Aviation industry has shown signs of a strong rebound in 2022. The International Air Transport Association (IATA) has predicted that the aviation industry will return to profit for 2023 as the contained demand for travel maintains bookings, despite the global economy tightening.
Supply chain disruptions and talent shortages may be the biggest risks or challenges for aviation organizations in 2023. In the beginning of the year, with most airlines posting soaring profits as people took advantage of the first travel season without COVID 19 restrictions, few of the aviation players are expressing their concern about expecting 2023 to be tough provided the price of energy to come down with inflation tames.
But recent survey indicates, 88% of senior executives in the aviation industry trusting the general business outlook for the aviation sector for the next year is “somewhat to very positive.” There are more reasons for this optimistic outlook. These include growth in new technologies and the use of digital thread and smart solutions in the aviation sector. All these factors should help the aviation industry grow and create new markets in the coming year. Aviation companies focused on innovation and prepared to capitalize on new emerging opportunities could outperform their peers in 2023.
What are we expecting in 2023?
According to aviation industry leaders, global demand is continuing to ramp as consumers shift spend to experiences, businesses return to travel, and international markets continue to reopen.
The recent Consumer Price Index (CPI) data from the Bureau of Labor Statistics indicates that carriers’ huge revenue numbers are the result of airfare inflation, up a massive 42.9% annually, That’s the highest on record and more than five times higher than the overall inflation rate of 8.2%. During the month of September, average airfares rose 0.8% twice as fast as the rate for all items.
Demand remains strong, and consumers around the world continue to value air travel and the ability to reconnect post-pandemic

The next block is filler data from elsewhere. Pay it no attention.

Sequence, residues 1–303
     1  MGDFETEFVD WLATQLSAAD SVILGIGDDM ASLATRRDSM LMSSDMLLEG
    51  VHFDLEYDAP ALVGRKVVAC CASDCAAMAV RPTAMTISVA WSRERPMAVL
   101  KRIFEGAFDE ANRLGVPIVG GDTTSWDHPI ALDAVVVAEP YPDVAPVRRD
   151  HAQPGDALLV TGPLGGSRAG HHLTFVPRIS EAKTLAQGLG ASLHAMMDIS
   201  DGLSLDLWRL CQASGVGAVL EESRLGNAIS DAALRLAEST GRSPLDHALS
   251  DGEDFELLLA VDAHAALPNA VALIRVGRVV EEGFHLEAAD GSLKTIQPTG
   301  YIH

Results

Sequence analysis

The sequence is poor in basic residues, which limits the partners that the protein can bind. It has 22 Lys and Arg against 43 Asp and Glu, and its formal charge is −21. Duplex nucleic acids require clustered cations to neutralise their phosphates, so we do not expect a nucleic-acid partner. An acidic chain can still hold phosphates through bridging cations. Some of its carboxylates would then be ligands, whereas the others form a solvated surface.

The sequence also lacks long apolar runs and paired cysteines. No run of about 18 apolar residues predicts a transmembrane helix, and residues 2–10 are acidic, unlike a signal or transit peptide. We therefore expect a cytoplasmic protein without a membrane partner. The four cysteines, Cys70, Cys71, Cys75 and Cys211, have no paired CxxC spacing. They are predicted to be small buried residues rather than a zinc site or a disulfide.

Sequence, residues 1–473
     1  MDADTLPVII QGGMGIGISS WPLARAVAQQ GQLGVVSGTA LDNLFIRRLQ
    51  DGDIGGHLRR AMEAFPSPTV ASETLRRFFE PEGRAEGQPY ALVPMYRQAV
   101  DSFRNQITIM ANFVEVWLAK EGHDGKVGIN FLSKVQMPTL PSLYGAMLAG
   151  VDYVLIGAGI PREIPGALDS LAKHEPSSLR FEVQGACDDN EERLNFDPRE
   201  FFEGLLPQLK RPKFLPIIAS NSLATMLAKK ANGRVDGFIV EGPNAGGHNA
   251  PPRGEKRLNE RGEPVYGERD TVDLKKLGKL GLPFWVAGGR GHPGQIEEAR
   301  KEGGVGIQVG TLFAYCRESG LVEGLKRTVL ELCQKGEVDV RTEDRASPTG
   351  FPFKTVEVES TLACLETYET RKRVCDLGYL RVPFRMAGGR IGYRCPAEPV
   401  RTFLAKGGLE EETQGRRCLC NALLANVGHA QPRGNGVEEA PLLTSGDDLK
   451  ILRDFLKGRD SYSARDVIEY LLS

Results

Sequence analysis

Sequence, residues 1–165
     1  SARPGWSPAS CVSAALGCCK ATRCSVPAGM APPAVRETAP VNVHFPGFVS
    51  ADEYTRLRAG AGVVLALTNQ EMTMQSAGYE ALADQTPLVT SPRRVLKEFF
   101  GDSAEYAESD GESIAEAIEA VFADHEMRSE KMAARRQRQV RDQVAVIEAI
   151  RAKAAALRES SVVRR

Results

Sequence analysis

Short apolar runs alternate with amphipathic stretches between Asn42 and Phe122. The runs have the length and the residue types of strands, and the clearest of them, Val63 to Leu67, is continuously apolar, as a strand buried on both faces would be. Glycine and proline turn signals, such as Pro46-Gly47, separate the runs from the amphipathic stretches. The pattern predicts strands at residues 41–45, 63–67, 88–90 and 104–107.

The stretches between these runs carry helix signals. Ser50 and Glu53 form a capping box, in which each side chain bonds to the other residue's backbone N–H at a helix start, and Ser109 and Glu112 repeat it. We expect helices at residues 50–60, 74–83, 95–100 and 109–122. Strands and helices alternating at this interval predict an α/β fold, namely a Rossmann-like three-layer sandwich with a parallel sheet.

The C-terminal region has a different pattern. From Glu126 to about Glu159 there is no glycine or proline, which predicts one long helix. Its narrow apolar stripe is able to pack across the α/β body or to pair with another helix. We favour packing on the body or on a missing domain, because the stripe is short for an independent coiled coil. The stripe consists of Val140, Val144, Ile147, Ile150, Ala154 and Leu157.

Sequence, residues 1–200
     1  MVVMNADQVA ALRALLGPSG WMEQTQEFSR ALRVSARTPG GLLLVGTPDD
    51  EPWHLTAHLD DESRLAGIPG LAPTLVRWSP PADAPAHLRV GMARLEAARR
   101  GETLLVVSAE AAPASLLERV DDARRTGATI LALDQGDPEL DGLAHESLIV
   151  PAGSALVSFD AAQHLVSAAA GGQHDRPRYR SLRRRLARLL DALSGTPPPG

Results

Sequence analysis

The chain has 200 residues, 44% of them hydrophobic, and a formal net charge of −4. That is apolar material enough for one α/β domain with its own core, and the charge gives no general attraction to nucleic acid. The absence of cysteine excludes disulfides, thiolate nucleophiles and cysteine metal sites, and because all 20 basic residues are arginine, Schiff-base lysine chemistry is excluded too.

As demand for passenger travel is correlated to ticket prices which rely on jet fuel prices, a sustained rise in jet fuel prices can affect traffic and increase market volatility. To address this challenge aircraft manufacturers are investing in aircrafts which are more fuel-efficient with lower operating costs, with lower zero-emissions.
Airline ticket prices have climbed much faster than overall inflation due to several factors. Rise in fuel costs and return of travel demand has collided with massive challenges to supply, including labor shortages, aircraft delivery delays and other issues. Still, passengers are willing to pay higher prices that have more than offset airlines’ rising costs. In a nutshell, aviation consumers should brace for more airfare inflation ahead. Ticket prices will remain high with Holiday Travel Outlook report showing thanksgiving airfare prices up by 25% and Christmas airfares soaring high by 55%.
According to Delloitte, as the passenger traffic steadily returns to pre-pandemic levels, strong increases in new aircrafts, signal growth for the aviation sector continuing in 2023. However, optimism around growth is held in check by caution from ongoing risks. Supply chain disruptions, talent shortages, and inflation will likely be the biggest challenges for the industry in 2023.
The coming year could see increased competition in three areas in particular:
1. Digitally skilled talent (from other industries)
2. Materials (due to the shift of supply chain)
3. Customers (from new players entering the market)
Top signposts for companies to watch in 2023:
• Business Agility: Achieving agility could be critical for the aviation sector seeking to operate through turbulence and compete in the next growth period.
• Emerging Technologies: Investing in emerging technologies and smart solutions in the aviation sector can help companies address supply chain challenges, optimize production capacity, progress toward sustainability goals, and improve employee retention.
• Emissions Reduction: Companies can further reduce emissions in 2023 across the value chain, specifically by helping ramp up the production capability of SAF.
• Developing Key Business Areas: The growing interest in the aviation industry will likely generate more business and employment opportunities, and the value chain may further expand in 2023.
Reference: Industry Sources